January 12, 2017 THE MIXING. About Finished. Here’s one of my favorites: “Circus.”.
December 3, 2016 THE STUDIO: Finished. Now only the mixing. Gary Edighoffer (from the first Cosmic band) covered the saxes, flute, alto flute parts. (Tim decided it wasn’t for him…). So we’re on the look-out for someone to replace the sax/flute parts in time for our CD Release Gig–hopefully sometiime in February. ish
September 3, 2016 We bid a fond farewell to Pete Petersen, who was needed to withdraw due to his plethora of commitments to previous musical situations. And we bid a hip hello to Tim Jensen, another of my favorite saxmen. We’re going in the studio, to record the third Cosmic Dust cd, “The Dust Also Rises…” More in good time
June 25, 2016 We’re booked at ‘The Jazz Station’ in Eugene, Jazz Station
June 10, 2016 The day has come and gone. We’ll be releasing some takes from the concert down the road. 40+ people in the audience, and they were enthusiastic! We had fun. I promeised the link for downloading/streaming the two CD’s: Cosmic CD’s Download/Stream
May 21, 2016 PRESALE of tickets to the Memorial Day concert just give me call at 360-624-5151, or email firstname.lastname@example.org
April 4, 2016: The band has been underway since last June, and has now scheduled its debut performance. May 30, Memorial Day, 2-4pm at the Unitarian Universalist Church, 4505 E 18th St. in Vancouver. (Tickets: $12, kids 12 and under free. Pre-sale: $10, contact me.) In addition to myself on keyboards, I’ll be joined by Mike Doolin on guitar, Pete Petersen on winds, Sam Hallam on bass, and Charles Neal on drums. The sanctuary, having no right angles, promises excellent acoustics. And a Steinway Grand…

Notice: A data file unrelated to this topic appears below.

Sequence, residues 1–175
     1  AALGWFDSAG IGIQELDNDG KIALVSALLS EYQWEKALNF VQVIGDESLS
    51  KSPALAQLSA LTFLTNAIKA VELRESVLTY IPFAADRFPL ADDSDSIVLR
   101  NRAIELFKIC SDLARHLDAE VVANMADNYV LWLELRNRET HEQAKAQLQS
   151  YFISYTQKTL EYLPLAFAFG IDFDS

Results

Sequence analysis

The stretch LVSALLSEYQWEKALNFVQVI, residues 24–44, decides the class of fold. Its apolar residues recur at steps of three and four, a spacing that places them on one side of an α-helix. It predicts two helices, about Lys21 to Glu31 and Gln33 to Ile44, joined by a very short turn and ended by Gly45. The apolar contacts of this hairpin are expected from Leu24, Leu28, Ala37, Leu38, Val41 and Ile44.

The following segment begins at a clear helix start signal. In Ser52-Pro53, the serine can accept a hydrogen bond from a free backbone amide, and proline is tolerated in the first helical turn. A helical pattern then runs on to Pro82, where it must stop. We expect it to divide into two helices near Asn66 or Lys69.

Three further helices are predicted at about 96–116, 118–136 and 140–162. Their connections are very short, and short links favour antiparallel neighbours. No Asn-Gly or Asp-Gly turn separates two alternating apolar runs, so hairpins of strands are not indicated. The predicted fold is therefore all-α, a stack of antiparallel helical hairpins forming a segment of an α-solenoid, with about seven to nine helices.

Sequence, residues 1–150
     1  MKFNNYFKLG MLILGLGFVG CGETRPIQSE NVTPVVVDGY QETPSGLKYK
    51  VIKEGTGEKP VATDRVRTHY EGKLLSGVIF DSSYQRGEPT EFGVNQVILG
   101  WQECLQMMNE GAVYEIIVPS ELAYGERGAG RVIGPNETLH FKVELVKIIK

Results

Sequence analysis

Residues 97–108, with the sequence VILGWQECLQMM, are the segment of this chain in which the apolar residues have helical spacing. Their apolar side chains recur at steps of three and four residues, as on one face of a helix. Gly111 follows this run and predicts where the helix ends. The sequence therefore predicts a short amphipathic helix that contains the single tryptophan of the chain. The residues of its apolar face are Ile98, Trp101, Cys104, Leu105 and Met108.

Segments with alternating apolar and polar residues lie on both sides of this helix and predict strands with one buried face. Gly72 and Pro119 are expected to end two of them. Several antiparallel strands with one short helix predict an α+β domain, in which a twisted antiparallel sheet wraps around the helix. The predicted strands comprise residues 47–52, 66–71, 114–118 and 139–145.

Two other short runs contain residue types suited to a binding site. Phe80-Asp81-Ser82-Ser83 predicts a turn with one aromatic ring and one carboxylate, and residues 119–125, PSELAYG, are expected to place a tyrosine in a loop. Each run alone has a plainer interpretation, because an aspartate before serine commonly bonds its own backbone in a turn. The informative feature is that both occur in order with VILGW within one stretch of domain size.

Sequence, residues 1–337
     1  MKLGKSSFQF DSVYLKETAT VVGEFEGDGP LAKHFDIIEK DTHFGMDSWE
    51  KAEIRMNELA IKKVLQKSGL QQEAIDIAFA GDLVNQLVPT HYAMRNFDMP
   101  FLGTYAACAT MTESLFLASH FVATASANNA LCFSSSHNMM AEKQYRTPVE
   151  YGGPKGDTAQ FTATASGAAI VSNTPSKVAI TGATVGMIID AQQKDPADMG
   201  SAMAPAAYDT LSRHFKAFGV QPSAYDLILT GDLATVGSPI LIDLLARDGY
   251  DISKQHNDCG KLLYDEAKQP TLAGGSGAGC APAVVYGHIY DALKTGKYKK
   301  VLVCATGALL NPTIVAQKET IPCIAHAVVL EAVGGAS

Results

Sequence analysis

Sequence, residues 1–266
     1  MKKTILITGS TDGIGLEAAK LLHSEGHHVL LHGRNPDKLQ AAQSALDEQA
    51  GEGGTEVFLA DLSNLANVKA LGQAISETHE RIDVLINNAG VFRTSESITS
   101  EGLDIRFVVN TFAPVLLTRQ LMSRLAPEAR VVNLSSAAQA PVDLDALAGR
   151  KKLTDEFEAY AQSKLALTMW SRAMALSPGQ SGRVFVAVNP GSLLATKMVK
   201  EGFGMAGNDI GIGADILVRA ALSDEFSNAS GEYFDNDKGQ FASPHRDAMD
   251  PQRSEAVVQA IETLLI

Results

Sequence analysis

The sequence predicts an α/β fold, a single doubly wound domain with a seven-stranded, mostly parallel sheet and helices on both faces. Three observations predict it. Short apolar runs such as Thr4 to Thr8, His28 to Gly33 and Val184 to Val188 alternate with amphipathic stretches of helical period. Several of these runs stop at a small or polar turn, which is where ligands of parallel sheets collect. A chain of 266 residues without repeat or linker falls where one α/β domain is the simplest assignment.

You’ll hear a wide variety of styles, a melding of funk, rock, classical, and jazz; ergo, the style is “fusion.” In “Chase” you’ll hear a 3-voice ‘canon,’ straight out of the Baroque period. In “NY Taxi,” your ears will be stretched as you hear our version of busy NYC downtown: hectic, aggressive, and somewhat dissonant. “Train Ride” should give you the feel of the tracks rumbling rhythmically on the rails. Each tune has been hatched from some image, experience, or idea. Organized and melodic thematic sections alternate with solistic flights of creativity in improvisations by each member.
…. Watch this spot for updates, pics, and sound bites…
From our Debut May 30, at UUCV Church in Vancouver. We’re still ‘birthing,’ so: HIRE US! (Request us at your favorite spot.)
Cosmic Dust – First Edition
May 18, 1980, marked the eruption of Mt. St Helens in Washington State. In June. Jim Templeton, home on a six-week sojourn in Spokane from his residence in Denmark. met Gary Edighoffer while walking the halls of Spokane Fall Community College. That chance meeting led to the formation of perhaps the most eclectic and electrifying orchestra in the Northwest — The Cosmic Dust Fusion Band.
Journey is the first of five recordings made by this version of the group.
Jim Templeton – Keyboards
Gary Edighoffer – Winds
The following is Cosmic Dust’s first review with more history.
Spokane Daily Chronicle; By LONNA BALDWIN
Everyone’s talking about Cosmic Dust, the fusion brainchild of Jim Templeton, a resident of Denmark currently enjoying a summer hiatus in Spokane. The band, which made a good showing in its first concert last Sunday at Riverfront Park is extraordinary for several reasons.
Cosmic Dust – Second Edition
Having moved to Vancouver in November of 2005, I left behind “Cosmic Dust,” the band I formed (together with Gary Edighoffer) years ago in Spokane.
Years later, I decided to recreate the band in the Portland area. After several rehearsals we went into the “Magic Closet Studio.” It was an intense 8-hour day, segments of which you can hear below.